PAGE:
Tuesday, November 30, 2010
2/3 c. butter or margarine softened
2/3 c. brown sugar
1 1/2 cups old fashioned oats
1 1/2 flour
1 tsp. baking soda
1/2 tsp. salt
1 six oz. package of Craisins
2/3 c. white chocolate chunks...or chips
Preheat oven to 375 degrees. Using an electric mixer to beat together butter and sugar until light and fluffy. The recipe says to combine oats, flour, baking soad and salt in a separate mixing bowl. Add to butter mixture in several additions, mixing well after each addition. (I simply dumped all the dry ingredients into the wet and it turned out fabulous.) Stir in Craisings and white chocolate. Drop by rounded teaspoons onto ungreased cookie sheet. Bake for 10-12 minutes. (Mine took just over 6 minutes. I took them out when they looked just barely done if not under done...PERFECT.) Cool on wire rack. Makes 2 1/2 dozen. (Yep...I got that many cookies!)
Friday, November 19, 2010
2 8oz blocks of cream cheese
1 c. Ranch dressing
2 - 12.5oz cans cooked chicken
2 c. cheddar cheese.
3/4 c. Buffalo Hot wing Sauce
Combine ingredients and place in crock pot on low until melted and slightly bubbly....takes about an hour.
Jan Wolf's Cucumber Sandwiches
1 8 oz block cream cheese, softened
1/2 cup mayonnaise
1 .7 package dry Italian salad dressing mix
Cream together the cream cheese, mayonnaise and salad dressing mix. Refrigerate for at least 6 hours, or preferably over night. Spread the cream cheese mixture onto slices of bread and top with a sliced cucumber.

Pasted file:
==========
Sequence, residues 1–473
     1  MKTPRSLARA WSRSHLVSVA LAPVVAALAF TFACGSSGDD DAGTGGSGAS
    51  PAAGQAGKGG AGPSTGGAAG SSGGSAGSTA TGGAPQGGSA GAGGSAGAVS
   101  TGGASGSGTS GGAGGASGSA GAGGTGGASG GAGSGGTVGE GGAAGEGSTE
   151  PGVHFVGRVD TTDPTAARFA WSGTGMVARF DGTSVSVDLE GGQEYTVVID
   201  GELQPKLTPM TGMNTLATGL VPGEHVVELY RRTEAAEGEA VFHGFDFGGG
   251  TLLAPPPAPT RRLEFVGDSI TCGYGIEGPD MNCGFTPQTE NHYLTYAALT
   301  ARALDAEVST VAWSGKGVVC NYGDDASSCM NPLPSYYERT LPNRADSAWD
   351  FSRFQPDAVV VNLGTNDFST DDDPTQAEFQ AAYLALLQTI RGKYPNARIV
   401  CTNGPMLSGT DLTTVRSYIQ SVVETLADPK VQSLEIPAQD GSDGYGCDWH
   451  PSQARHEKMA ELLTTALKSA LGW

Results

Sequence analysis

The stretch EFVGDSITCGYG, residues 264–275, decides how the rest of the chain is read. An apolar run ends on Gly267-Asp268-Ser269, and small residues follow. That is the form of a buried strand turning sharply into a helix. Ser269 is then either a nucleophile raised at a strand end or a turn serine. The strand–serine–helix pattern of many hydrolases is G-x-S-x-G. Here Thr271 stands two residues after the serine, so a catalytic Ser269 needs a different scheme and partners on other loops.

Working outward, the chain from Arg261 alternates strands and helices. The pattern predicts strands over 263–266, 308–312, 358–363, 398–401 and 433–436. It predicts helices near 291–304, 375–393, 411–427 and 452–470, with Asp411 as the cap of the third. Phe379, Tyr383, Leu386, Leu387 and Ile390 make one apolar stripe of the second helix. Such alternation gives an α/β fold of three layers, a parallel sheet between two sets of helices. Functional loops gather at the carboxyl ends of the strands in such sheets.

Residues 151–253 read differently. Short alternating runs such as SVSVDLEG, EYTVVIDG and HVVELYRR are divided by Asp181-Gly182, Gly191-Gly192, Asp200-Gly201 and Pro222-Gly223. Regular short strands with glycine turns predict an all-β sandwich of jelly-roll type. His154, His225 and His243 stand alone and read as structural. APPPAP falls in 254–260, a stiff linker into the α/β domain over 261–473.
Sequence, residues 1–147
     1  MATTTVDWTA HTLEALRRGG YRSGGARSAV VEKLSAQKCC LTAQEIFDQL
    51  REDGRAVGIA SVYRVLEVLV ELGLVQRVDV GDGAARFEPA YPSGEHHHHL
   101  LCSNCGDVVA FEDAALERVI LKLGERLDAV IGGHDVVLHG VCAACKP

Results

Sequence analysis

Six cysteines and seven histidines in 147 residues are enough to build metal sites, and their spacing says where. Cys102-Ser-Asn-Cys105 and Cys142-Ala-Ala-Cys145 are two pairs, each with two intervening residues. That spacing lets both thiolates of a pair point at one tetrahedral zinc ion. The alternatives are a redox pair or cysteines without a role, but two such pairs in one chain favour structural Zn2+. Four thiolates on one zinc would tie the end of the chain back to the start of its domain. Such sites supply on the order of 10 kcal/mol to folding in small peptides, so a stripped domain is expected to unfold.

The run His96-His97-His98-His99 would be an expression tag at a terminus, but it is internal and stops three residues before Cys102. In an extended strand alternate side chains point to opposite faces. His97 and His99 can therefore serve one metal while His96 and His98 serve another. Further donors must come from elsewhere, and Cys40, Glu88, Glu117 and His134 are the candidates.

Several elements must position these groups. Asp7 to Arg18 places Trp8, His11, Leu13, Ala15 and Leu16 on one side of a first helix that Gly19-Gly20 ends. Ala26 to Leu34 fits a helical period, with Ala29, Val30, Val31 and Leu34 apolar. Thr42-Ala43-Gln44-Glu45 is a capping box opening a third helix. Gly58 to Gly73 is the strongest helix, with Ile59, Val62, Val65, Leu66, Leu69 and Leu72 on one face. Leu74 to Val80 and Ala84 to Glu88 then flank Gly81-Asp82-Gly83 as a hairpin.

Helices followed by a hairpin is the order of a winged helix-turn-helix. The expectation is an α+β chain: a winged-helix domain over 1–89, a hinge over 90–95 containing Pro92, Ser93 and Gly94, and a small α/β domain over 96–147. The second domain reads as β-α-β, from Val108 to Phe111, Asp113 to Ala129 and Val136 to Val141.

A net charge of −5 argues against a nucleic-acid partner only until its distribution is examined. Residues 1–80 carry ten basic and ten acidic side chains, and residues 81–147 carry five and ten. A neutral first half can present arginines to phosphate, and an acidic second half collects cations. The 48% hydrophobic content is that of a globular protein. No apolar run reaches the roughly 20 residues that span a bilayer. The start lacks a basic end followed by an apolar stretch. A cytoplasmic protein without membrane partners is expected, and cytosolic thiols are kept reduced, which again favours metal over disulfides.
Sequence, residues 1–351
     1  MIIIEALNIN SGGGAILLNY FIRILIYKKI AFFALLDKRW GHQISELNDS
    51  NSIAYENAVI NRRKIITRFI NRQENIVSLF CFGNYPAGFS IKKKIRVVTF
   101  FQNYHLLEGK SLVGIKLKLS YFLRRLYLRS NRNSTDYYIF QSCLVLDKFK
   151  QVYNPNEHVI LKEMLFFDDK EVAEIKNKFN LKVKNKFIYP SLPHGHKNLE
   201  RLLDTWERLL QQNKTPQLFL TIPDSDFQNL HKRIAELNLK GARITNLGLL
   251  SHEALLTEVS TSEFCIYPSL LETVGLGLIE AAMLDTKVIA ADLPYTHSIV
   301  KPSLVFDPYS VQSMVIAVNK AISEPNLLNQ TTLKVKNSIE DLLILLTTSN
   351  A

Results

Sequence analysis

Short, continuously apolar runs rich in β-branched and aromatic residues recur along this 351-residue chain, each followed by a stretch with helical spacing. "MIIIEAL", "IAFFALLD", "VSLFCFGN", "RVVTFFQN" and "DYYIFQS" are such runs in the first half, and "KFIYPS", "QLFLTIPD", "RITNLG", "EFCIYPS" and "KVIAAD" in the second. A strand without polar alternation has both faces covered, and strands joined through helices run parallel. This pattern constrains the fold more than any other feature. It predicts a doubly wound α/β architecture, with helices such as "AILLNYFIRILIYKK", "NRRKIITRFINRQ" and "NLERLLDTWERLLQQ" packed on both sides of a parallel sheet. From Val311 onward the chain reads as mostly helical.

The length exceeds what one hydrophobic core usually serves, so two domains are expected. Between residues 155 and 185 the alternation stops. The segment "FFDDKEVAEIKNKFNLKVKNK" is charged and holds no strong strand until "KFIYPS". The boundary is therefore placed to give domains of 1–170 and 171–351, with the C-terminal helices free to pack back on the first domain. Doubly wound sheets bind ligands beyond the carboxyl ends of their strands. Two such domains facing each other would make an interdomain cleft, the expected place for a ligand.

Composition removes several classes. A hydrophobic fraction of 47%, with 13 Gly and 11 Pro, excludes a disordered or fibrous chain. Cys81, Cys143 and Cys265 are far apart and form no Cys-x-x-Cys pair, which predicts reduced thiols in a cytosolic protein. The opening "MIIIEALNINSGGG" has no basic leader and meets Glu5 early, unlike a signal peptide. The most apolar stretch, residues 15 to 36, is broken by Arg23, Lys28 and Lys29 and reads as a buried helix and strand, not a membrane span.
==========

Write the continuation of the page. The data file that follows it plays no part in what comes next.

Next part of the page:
Saturday, November 13, 2010
I made these 2 weeks ago. Straight from Cook's Illustrated magazine. Excellent cookies. But here's what makes it so:
Dynamic Duo: Baking Powder + Baking Soda
Many cookie recipes contain both baking soda and baking powder. Since each is a leavening agent, why do you need both? The answer is that the two work n tandem to create cookies that not only rise--but spread--to the right degree. Plus in this recipe, baking soda has one more purely aesthetic effect: It creates cookies with an appealingly crackly top.
Baking powder is responsible for the lift, since it is engineered to produce most of its gas after the cookies go into the oven, where the dough sets before these bubbles can burst.
But too much lift can mean cookies that turn out humped. Here's where baking soda comes in: As long as there's an acidic ingredient in the dough for it to reach with, a small amount of baking soda can even things out. Baking soda raises the pH of dough, weakening gluten. Weaker gluten means less structure and cookies that spread, Goodbye, Humped shapes.
As for the crackly tops, baking soda reacts immediately in the wet dough to produce large bubbles of carbon dioxide that can't all be contained by the weakened dough Before the cookies can set in the oven, the bubbles rise to the top and bust, leaving fissures in their wake
The bottom line: For a baker who likes her cookies just so, the use of both baking powder an baking soda can be a potent combo.
2-1/4 cups unbleached all-purpose flour
1/2 t. baking soda
1 t. baking powder
1/2 t. table salt
1-1/2 cups sugar, plus 1/3 cup for rolling
2 ounces cream cheese, cut into 8 pieces
6 T. unsalted butter, melted and still warm
1/3 cup vegetable oil
1 large egg
1 T. milk
2 t. vanilla extract
1. Adjust oven rack to middle position and heat oven to 350 degrees. Line 2 large rimmed baking sheets with parchment paper. Whisk flour,baking soda, baking powder, and salt together in medium bowl. Set aside.
2. Place 1-1/2 cups sugar and cream cheese in large bowl. Place remaining 1/3 cup sugar in shallow baking dish or pie plate and set aside. Pour warm butter over sugar and cream cheese and whisk to combine (some small lumps of cream cheese will remain but will smooth out later). Whisk in oil until incorporated. Add egg, milk, and vanilla; continue to whisk until smooth. Add flour mixture and mix with rubber spatula until soft homogeneous dough forms.